Riding the Fence – Indecision at Your Own Peril

There’s something that’s been ricocheting around my pea-sized brain for a while, and it has to do with Riding the Fence…as in, “Do I wanna self-publish, or do I wanna go with a publisher?”

This makes my teeth itch, and I’ll tell you why.

Time Suck

I had an experience recently where the author was Riding the Fence about whether to self-pub or sign with a publisher. I was the lucky slob who drew the short stick.

I liked his book and made him an offer. But we gotta back up and count all the hours that I spent getting to that point to making the offer.

  • Reading his book proposal (1 hour)
  • Reading his manuscript – making copious notes on arc issues, organization, and further development (30 hours)
  • Discussing with marketing/sales teams and other publicity folks (8 hours)

So, going into this endeavor, I invested nearly 40 hours. Big deal; it’s what I do.


He was expecting a six-figure advance. Yah, ain’t gonna happen. He didn’t have the story or platform to support such a fantasy. Depressed, he then tells me he’s considering self-pubbing.


Now I’m thinking voodoo dolls and sharp, pointy things. Nearly a week’s worth of my time is blown to bits.

Reality vs Fiction

Because he’s Ridin’ that Fence like a buckaroo, he asked me exactly what I could do for him and his book. Okay, I’m totally good with these questions, because authors should have a solid idea about what their potential publisher can do for them.


Time spent writing numerous emails pointing out the Realities and Fiction of self publishing (16 hours)

After nearly three weeks hemming and hawing, he wrote to tell me he was self-publishing. Argh. Why in the HELL didn’t he decide this before he wasted all my time? This kind of stuff is so unnecessary.

It Ain’t About Just the Money

Publishing has drastically changed since the heyday of spending like drunken sailors. Publishers gotta work smart if they want to stay in business. We always plan for a book to do well, but the marketplace is a fickle mistress, and the best-laid plans may go awry. And they go awry for all kinds of reasons. Just to say, that they also go very right for all kinds of insane reasons, as well.


  • Author platform was over-inflated
  • Genre Buyers don’t like the topic (that is a whole other post in itself)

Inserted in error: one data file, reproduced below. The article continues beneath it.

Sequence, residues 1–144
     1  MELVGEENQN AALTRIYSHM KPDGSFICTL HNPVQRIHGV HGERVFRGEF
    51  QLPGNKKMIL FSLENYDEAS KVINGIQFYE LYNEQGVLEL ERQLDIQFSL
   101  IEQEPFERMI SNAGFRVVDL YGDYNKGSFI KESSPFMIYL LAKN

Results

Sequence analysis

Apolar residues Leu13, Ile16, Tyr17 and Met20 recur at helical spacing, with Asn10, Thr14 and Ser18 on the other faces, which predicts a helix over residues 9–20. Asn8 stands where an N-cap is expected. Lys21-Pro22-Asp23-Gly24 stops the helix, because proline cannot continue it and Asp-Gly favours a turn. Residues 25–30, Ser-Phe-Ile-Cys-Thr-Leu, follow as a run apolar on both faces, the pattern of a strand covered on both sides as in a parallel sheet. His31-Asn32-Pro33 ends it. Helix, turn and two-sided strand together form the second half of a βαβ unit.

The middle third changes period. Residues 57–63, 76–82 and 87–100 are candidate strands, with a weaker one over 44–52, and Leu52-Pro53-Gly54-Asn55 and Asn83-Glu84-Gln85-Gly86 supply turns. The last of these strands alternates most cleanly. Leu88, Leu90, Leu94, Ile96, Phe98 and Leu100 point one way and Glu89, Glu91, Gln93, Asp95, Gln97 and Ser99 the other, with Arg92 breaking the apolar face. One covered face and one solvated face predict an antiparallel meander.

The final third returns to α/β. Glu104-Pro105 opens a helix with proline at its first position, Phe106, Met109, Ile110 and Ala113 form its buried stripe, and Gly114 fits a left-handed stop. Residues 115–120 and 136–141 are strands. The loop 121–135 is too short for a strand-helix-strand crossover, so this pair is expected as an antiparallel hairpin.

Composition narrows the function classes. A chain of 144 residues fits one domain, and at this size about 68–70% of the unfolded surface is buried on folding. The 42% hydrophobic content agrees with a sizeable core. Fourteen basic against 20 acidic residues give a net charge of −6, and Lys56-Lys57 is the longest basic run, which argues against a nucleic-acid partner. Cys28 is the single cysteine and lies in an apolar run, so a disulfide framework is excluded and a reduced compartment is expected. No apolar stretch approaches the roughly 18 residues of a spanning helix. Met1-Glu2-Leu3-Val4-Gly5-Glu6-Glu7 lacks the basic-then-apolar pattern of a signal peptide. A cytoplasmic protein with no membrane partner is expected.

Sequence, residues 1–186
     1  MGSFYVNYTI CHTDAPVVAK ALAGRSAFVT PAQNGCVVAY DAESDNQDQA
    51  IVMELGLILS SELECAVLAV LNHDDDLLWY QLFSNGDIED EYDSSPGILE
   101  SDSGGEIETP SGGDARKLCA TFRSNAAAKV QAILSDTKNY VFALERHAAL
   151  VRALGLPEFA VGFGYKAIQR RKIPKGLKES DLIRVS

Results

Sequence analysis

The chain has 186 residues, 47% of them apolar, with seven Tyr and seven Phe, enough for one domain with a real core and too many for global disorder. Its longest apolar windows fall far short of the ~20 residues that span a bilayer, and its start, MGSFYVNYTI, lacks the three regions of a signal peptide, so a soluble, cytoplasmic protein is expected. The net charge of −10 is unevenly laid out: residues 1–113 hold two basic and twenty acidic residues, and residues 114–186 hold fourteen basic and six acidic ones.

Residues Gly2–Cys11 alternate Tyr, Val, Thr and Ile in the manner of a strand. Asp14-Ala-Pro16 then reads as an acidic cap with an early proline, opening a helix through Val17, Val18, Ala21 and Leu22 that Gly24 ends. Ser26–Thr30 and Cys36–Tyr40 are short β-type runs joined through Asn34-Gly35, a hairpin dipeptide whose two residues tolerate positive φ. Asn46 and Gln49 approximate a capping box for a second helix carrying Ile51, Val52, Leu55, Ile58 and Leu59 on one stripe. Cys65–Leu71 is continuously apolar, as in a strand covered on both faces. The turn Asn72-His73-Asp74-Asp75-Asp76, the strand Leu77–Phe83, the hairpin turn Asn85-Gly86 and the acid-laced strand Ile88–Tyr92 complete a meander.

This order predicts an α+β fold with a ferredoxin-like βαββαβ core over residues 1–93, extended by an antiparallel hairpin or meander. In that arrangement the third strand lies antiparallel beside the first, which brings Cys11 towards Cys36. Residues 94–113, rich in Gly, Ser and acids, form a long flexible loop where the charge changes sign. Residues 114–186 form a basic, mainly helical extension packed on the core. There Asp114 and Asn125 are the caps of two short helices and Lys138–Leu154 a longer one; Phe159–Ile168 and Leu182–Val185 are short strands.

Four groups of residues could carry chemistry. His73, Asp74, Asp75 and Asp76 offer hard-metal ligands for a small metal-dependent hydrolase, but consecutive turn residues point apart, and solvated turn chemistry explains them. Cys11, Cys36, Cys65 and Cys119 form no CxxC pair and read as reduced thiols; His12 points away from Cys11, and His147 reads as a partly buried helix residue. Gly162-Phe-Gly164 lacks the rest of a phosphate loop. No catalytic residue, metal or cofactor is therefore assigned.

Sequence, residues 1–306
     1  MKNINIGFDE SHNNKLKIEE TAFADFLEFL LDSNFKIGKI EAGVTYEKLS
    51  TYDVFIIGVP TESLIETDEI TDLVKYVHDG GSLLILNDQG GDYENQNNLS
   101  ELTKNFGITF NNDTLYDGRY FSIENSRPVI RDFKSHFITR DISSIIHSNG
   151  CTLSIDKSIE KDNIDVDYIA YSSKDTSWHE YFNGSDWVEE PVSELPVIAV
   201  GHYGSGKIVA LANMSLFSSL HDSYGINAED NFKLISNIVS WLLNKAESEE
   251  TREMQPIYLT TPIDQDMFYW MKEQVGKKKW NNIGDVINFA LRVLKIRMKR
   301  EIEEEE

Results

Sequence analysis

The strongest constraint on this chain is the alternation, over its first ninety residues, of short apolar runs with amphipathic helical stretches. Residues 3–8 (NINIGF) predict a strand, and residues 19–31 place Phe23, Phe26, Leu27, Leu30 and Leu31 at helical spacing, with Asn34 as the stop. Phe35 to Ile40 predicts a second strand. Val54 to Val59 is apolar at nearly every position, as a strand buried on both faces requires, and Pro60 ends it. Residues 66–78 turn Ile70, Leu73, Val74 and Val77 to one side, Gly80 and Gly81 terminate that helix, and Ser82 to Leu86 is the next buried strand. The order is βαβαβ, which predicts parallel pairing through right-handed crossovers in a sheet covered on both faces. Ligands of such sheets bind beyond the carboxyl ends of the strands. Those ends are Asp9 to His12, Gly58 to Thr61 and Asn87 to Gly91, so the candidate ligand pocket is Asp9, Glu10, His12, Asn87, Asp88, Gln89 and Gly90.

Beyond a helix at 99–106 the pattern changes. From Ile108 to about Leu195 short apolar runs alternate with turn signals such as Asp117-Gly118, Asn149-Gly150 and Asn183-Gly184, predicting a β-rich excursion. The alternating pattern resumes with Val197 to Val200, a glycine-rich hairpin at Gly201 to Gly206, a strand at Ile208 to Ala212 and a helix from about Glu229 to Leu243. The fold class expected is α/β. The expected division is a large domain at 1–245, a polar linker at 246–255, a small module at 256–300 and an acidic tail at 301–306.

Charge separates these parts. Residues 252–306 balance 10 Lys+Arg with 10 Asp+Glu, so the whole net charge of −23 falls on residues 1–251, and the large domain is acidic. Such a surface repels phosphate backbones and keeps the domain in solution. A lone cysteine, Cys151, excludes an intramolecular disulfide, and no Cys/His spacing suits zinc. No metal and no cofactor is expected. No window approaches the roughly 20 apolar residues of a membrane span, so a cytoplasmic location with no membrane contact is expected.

• Intended audience doesn’t respond

Huge advances makes only one person happy; the author (and his agent, if he has one). They get a nice payday regardless of the book selling well or tanking. The publisher eats it. In these uncertain times, advances had little choice but to go southward.

However, what a publisher CAN do is offer:

  • Superior editing and design work
  • National/international distribution
  • Marketing/promotion
  • Getting authors into industry book fairs and conferences
  • Sending review copies and media kits to industry reviewers and media

And that’s just a short list…and they do it all on their own dime.

The self published author is responsible for bankrolling the entire endeavor, and they often have no idea whether they’re getting a great editor or cover designer. They don’t realize their books won’t be reviewed or stocked on store shelves.

In simple terms, self-pubbed authors are a team of one, and they’re competing against publishers who do this for a living. Even as small as we are, we’re a team of hundreds…all who are devoted to selling our books to the widest marketplace.

So, sure, the advance offered to this particular author may have been less than he was expecting, but the cash outlay that we would have put into his book would have been in the tens of thousands…along with countless hours of professionals doing what they do best.

Do the Research

Let me say that I have no problem with those who want to self-pub. Heck, the marketplace is big enough for everyone to play in the sandbox. But don’t hedge your bets to a publisher by Ridin’ the Fence…”I’ll see what they offer me, then I’ll make up my mind.” That kind of attitude really sucks the jam out of my jelly doughnut.

Make up your mind about what kind of publishing options you want to pursue, and stick to it. Someone who isn’t sure will invariably find fault with the publisher for any little thing that happens.

Publishing is a partnership – a two-way street – and if one of those parties consistently rides the fence (“Damn, I shoulda self-pubbed…then I’d be rich and famous.”), then what chance does the committed party have in succeeding? And the self-pubbed author is rarely rich or famous.

Do the work and research ALL your options BEFORE you decide whether to stick your big toe into an editor’s front door. The more information you have, the better able you are to decide which option is best for you and your book. And you won’t waste anyone’s time.

6 Responses to Riding the Fence – Indecision at Your Own Peril

  1. Barbarann says: